The applicant should also sign a release authorizing your contact with prior places of employment and schools. You can provide a copy of the release if requested so that former employers and references will be more likely to give frank information. The application should also include a criminal history release and should end with an attestation clause in which the applicant verifies the truth of the information given in the application.
In a recent online poll of job seekers concerning their résumés, a majority said that they would lie in certain situations. Eighteen percent said they would “do whatever it takes” in falsifying a résumé if it would help to get a job. As an employer with a public trust, it is imperative to check all the information given by an applicant including education, job history, and references. Don’t accept excuses for any gaps or discrepancies between the résumé and the information independently obtained. If the applicant has an explanation for a discrepancy, then the applicant should provide proof to verify the explanation. A criminal history check is a basic for public employees; and, if the person will be handling funds, a credit report may also be needed.
Applicants should provide at least three people as references, and one of the references should be someone who has known the applicant for many years. Some employers put little stock in references since almost everyone can find people who will put in a good word for them. However, several times I have eliminated applicants because of a reference check.
First, the reference source should praise the applicant highly, not just give a “good” reference. Weak praise is a strong indicator that there are problems with the applicant. Second, you should have a list of open-ended questions to ferret out any weaknesses and follow-up to encourage conversation with the reference. Third, it is a perfect opportunity to verify with the reference any information given by the applicant on the résumé. For example, you may find an applicant’s claim of being responsible for a major innovation while working for a former employer was exaggerated; and the applicant actually played a minor role on a team that was responsible for that major innovation. Finally, you should make an effort to interview the applicant’s current supervisor if you have decided to make an offer. Tell the applicant you plan to do this.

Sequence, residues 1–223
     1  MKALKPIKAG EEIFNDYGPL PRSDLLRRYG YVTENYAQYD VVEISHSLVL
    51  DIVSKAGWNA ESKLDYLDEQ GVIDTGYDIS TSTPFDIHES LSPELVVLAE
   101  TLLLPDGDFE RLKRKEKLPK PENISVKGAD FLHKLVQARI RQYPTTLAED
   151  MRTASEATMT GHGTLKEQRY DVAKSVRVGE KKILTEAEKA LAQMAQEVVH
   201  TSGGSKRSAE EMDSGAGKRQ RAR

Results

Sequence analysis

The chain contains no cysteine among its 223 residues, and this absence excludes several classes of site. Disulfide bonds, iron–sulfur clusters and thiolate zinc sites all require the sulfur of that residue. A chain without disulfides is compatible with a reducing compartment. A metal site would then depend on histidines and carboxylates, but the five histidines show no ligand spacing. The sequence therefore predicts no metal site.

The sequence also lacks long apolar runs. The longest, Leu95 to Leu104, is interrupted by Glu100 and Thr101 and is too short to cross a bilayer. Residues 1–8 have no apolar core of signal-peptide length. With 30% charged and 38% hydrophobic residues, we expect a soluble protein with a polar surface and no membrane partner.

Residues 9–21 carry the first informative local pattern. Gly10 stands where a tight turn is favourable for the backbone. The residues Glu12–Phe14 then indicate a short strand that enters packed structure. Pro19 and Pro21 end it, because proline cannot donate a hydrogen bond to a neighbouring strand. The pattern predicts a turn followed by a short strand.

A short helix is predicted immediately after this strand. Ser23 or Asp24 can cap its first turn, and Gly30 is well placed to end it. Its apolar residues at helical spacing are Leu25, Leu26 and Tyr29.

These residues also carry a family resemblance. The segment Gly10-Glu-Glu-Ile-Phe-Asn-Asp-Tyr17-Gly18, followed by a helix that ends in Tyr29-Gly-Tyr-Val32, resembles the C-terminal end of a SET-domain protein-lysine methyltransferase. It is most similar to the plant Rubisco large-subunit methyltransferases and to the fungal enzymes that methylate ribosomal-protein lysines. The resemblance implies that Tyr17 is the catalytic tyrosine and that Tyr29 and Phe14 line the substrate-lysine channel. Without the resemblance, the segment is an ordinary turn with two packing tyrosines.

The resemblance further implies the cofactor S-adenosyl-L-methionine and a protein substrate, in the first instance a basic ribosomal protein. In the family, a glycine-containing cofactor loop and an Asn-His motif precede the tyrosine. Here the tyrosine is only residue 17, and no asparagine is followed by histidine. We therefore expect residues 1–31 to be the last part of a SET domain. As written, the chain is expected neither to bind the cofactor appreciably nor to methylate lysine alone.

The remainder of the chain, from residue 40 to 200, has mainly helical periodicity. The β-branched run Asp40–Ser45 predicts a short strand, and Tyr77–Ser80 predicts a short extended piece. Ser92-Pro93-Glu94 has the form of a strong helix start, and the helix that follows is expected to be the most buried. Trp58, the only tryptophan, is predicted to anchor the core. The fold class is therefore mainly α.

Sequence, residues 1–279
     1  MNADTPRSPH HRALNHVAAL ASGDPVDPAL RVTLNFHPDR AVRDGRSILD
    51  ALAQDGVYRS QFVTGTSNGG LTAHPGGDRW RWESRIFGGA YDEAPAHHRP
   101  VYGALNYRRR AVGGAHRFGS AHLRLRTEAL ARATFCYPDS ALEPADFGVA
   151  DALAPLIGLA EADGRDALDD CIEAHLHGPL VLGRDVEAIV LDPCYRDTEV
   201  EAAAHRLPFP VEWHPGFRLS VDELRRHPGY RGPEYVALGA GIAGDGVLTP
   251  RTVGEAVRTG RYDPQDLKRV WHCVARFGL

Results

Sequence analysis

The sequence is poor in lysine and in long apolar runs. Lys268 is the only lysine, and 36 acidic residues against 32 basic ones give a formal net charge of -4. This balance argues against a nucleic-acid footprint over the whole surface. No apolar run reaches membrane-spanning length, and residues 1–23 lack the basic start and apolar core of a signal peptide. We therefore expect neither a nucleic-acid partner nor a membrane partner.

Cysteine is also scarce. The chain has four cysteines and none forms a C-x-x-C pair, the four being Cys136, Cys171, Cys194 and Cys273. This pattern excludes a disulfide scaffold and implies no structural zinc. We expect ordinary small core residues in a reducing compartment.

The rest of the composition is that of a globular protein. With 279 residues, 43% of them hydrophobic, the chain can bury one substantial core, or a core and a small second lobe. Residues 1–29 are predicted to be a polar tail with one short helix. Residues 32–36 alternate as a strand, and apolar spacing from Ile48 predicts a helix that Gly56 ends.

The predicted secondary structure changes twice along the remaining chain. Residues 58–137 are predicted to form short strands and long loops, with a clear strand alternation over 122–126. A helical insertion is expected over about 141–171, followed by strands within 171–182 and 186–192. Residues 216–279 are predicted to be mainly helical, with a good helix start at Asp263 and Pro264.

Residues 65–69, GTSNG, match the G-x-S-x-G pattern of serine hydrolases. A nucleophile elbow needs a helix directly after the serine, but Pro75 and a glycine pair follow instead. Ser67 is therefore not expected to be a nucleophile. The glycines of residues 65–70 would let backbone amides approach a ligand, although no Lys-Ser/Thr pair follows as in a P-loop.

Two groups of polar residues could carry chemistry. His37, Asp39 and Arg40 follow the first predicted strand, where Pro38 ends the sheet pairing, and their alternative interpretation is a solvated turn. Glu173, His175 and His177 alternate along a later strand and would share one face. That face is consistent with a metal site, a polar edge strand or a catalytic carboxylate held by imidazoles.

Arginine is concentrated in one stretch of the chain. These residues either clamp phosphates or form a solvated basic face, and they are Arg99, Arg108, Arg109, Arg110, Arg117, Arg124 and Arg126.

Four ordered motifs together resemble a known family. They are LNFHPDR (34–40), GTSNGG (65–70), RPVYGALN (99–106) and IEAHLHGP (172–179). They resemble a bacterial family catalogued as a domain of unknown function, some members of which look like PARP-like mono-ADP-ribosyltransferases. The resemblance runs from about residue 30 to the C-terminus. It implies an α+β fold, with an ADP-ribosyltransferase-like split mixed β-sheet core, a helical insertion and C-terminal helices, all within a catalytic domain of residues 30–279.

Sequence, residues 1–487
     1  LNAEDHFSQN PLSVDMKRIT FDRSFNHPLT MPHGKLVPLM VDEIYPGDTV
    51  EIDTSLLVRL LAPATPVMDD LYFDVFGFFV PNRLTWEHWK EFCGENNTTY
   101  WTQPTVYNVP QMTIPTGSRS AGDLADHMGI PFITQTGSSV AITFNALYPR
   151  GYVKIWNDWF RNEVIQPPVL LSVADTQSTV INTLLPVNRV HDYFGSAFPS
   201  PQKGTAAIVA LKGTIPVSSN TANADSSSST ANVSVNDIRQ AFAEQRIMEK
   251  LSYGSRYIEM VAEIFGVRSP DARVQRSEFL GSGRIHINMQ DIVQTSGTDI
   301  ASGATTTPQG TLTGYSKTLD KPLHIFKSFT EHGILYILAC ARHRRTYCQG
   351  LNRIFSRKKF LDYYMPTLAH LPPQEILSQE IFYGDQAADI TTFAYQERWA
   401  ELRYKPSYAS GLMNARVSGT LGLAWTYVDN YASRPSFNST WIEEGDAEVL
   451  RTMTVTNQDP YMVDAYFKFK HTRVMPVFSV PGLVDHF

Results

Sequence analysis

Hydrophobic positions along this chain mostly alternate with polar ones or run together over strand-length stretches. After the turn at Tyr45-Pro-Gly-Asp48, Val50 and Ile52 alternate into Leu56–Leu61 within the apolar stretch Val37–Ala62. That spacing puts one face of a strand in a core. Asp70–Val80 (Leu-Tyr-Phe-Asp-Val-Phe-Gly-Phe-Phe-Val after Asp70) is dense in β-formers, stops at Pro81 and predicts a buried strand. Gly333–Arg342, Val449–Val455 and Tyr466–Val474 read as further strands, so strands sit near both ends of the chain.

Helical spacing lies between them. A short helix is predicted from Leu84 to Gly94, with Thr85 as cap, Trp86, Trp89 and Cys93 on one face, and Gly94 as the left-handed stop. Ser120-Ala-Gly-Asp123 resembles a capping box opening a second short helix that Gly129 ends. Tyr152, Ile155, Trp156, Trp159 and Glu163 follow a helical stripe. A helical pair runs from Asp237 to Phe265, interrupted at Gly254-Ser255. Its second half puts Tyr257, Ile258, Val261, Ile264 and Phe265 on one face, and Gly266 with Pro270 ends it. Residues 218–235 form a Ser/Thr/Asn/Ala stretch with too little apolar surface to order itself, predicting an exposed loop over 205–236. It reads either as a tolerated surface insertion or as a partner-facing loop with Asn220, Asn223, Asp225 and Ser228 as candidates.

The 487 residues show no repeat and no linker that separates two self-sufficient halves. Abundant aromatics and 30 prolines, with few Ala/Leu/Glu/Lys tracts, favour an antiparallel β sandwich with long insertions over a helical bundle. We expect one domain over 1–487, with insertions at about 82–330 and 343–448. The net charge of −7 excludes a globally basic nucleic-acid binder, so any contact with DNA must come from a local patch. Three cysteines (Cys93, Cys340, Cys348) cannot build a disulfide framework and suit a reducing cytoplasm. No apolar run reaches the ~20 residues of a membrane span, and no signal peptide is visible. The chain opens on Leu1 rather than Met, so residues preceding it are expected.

When you offer a job, you should specify the salary, position and starting date in a letter to the applicant. You should include a paragraph clarifying that the letter does not constitute a contract of employment, such as:
Please be advised that nothing in this letter creates an employment contract, a property interest in the position, or otherwise alters your employment-at-will status.
Despite all these efforts and for a number of different reasons, sometimes an applicant just does not fit well. But if you have taken the time to follow this process, it is much more probable that you will hire an individual who is an asset to your office.
Finally, you should always be kind to those who do not get the job. It is important to acknowledge receipt of résumés, to inform persons when they are eliminated from consideration, and to include a kind or encouraging word in the rejection note.
As always, if you need examples or wish any assistance, I’m here to help.